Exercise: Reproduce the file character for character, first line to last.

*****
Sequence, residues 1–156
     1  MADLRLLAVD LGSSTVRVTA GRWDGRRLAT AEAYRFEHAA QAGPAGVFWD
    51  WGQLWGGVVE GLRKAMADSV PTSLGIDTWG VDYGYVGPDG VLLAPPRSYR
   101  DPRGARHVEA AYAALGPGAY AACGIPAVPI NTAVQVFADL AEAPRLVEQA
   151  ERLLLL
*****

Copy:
Sequence, residues 1–156
     1  MADLRLLAVD LGSSTVRVTA GRWDGRRLAT AEAYRFEHAA QAGPAGVFWD
    51  WGQLWGGVVE GLRKAMADSV PTSLGIDTWG VDYGYVGPDG VLLAPPRSYR
   101  DPRGARHVEA AYAALGPGAY AACGIPAVPI NTAVQVFADL AEAPRLVEQA
   151  ERLLLL